These life tasks have evolutionary significance. They probably emerged from universal challenges that faced our remote ancestors in their struggle to survive and reproduce in the ancestral environment on the African savanna. This idea suggests that personality disorder occurs when “the structure of personality prevents the person from achieving adaptive solutions to universal life tasks” (Livesley, 1998, p. 141). This is a deficit definition which considers personality disorder to be a “harmful dysfunction” in the sense that it involves the failure to acquire the personality structures and functions required for successful adaptation.

We now need to specify universal life tasks. Plutchik (1980) described four universal challenges: The development of identity; the solution to the problems of dominance and submissiveness created by the hierarchy that is characteristic of primate social hierarchies; development of a sense of territoriality or belongingness; and solution to the problems of temporality, that is, problems of loss and separation. The life tasks posed by these universal challenges are remarkably similar to definitions of personality disorder from the clinical literature. Clinical psychiatry has traditionally considered personality disorder to involve either chronic interpersonal dysfunction or problems with self or identity, or both. Chronic interpersonal dysfunction is emphasized by Rutter (1987) who suggested that personality disorder is “characterized by a persistent, pervasive abnormality in social relationships and social functioning generally” (p. 454). Similarly, Vaillant and Perry (1980) noted that personality disorder “almost always occurs in an interpersonal context” (p. 1562). Self-pathology tends to be emphasized by psychoanalytic thinkers. This is illustrated by the importance of identity diffusion in Kernberg’s (1984) construct of borderline personality organization. Identify diffusion involves

. . . a poorly integrated concept of the self and of significant others . . . refl ected in the subjective experience of chronic emptiness, contradictory self-perceptions, contradictory behavior that cannot be integrated in an emotionally meaningful way, and shallow, flat, impoverished perceptions of others. (1984, p. 12)

In the same way, failure to develop a cohesive sense of self is central to Kohut’s (1971) account of narcissism. Cloninger’s (2000) suggestion that personality disorder involves low self-directedness and low cooperativeness combines both components. The apparent similarity of clinical concepts and ideas of universal personality functions makes it possible to express the failure to attain universal life tasks in traditional clinical language, while retaining an evolutionary perspective.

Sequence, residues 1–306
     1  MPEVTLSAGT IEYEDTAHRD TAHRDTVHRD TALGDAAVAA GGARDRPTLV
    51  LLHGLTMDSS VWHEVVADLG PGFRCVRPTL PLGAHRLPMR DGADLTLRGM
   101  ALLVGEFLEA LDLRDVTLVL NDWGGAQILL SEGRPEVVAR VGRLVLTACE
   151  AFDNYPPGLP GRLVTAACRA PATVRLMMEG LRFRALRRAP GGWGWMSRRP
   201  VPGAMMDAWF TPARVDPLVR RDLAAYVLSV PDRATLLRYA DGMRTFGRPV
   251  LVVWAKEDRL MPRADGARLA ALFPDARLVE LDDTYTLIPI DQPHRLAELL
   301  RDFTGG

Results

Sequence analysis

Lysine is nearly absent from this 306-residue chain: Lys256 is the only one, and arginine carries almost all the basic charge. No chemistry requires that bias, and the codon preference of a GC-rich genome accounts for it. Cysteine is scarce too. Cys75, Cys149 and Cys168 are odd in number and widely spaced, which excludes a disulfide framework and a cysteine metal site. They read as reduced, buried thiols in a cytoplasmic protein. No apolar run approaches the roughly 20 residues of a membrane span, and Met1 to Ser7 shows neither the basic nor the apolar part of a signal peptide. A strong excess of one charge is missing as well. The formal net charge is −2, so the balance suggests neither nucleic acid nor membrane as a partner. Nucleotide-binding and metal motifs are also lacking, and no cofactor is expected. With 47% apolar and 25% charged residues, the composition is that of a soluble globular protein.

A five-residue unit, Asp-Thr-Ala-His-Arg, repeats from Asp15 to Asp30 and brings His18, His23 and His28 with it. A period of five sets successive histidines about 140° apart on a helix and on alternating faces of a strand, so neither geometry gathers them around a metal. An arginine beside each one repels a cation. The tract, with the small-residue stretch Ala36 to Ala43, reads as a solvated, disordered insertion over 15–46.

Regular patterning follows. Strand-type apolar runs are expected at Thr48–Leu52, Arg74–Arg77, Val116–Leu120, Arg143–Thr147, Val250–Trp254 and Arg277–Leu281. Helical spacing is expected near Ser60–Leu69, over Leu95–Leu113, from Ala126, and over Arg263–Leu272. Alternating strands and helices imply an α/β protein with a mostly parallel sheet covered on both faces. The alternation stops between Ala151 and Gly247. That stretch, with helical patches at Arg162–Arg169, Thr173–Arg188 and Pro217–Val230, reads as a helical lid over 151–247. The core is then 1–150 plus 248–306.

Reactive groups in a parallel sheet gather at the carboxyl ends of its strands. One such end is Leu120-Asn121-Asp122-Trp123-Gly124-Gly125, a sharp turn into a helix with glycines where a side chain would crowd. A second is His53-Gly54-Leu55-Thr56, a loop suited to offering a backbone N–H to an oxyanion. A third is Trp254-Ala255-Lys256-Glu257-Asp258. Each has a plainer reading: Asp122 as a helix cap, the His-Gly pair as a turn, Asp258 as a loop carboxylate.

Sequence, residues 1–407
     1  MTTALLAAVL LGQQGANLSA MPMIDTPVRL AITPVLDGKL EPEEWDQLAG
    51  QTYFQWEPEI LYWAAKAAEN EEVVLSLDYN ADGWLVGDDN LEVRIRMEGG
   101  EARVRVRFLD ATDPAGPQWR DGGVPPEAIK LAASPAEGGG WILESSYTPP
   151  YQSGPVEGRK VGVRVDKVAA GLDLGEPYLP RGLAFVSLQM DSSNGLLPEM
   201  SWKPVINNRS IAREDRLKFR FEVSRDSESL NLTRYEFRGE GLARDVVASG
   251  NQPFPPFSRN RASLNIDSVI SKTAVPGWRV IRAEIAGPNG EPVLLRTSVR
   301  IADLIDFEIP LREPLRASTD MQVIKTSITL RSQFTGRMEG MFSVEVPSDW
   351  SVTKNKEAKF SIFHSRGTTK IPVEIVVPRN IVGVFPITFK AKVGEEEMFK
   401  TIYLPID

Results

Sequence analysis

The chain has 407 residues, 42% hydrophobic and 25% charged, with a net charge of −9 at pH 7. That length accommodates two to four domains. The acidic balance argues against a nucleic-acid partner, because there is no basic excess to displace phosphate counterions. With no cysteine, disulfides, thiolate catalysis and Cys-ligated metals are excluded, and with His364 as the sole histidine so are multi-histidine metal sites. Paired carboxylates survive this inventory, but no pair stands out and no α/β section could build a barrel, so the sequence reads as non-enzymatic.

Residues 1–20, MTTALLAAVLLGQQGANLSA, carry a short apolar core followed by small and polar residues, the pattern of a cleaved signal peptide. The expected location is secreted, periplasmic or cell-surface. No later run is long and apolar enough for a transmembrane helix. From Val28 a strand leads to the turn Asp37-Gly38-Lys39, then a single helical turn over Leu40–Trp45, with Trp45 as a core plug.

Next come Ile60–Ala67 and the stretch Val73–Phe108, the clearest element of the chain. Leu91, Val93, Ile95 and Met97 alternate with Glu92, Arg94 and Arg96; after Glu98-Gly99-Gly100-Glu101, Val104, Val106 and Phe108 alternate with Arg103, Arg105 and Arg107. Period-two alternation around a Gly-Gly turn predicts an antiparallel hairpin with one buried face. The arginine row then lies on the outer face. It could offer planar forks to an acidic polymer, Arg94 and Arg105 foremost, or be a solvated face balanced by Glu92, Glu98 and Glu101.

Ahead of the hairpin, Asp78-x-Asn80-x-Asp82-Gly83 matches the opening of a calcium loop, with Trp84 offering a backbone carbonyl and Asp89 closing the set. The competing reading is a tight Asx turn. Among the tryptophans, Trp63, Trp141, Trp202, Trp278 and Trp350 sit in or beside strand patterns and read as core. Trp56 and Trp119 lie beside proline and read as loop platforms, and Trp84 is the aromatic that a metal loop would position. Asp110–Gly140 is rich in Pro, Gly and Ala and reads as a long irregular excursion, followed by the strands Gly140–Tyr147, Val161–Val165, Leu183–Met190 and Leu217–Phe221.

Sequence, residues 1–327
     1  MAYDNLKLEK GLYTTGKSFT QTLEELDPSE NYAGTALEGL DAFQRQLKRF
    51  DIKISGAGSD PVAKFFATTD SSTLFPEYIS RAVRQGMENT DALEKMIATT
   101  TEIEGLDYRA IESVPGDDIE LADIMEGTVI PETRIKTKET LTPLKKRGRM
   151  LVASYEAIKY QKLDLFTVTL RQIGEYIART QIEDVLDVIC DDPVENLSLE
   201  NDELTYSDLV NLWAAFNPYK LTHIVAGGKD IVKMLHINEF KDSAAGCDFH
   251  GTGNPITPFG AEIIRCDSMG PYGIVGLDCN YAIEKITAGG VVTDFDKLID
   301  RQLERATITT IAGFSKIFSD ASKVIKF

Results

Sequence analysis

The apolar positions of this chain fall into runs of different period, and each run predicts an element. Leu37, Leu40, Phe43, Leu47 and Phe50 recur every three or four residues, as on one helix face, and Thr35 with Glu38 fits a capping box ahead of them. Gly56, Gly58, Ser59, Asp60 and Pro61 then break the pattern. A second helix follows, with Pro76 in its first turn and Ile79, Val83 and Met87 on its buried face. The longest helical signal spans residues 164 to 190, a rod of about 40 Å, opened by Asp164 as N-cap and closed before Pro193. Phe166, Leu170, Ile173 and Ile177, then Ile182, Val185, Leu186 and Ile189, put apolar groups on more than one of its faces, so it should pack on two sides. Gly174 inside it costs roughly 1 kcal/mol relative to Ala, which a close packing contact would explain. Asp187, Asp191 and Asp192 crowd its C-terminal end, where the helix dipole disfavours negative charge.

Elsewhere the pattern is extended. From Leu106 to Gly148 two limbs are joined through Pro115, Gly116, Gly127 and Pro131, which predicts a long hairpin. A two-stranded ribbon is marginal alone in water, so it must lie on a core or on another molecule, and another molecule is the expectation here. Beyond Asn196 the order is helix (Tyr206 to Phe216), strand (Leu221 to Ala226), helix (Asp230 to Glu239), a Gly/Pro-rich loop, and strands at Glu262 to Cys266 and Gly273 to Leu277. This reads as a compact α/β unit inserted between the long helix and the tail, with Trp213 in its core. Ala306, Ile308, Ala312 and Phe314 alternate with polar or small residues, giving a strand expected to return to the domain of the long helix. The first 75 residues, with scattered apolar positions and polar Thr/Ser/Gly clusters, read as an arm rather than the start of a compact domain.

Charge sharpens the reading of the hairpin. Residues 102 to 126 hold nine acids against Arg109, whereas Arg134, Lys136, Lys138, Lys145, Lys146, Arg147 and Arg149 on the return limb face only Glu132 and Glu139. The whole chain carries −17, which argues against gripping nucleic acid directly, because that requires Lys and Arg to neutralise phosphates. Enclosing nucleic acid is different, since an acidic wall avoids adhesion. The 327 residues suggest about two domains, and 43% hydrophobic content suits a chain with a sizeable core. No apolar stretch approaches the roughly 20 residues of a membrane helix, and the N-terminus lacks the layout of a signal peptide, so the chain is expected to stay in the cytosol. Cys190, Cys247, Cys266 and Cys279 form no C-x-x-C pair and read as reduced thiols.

With this approach, personality disorder could be said to involve the failure to achieve one or more of the following: (a) stable and integrated representations of self and others; (b) the capacity for intimacy, to function adaptively as an attachment figure, and/or to establish affiliative relationships; and (c) adaptive functioning in the social group as indicated by the failure to develop the capacity for prosocial behavior and/or cooperative relationships. This definition is probably not specific to personality disorder. Most severe mental disorders are probably associated with these problems.

To differentiate personality disorder from other mental disorders, we need to introduce the caveat that one or more of these failures should be enduring and traceable to adolescence or at least early adulthood and due to extreme personality variation rather than another pervasive mental disorder, such as a cognitive or schizophrenic disorder. Several advantages accrue from defi ning personality as the failure to achieve adaptive solutions to universal life tasks. First, it separates the diagnosis of personality disorder from the assessment of individual differences in personality dimensions such as traits, thereby avoiding the problems created by defining disorder only in terms of extreme levels of a given characteristic. Second, it emphasizes the severity of personality disorder and clarifies the distinction between disordered personality and dysfunctions in relatively discrete aspects of personality such as an isolated trait.

Such dysfunctions may cause distress but they do not always lead to the extensive difficulties seen in patients considered to have personality disorder. Finally, the definition of disorder is based on an understanding of the functions of normal personality rather than on an arbitrary set of characteristics.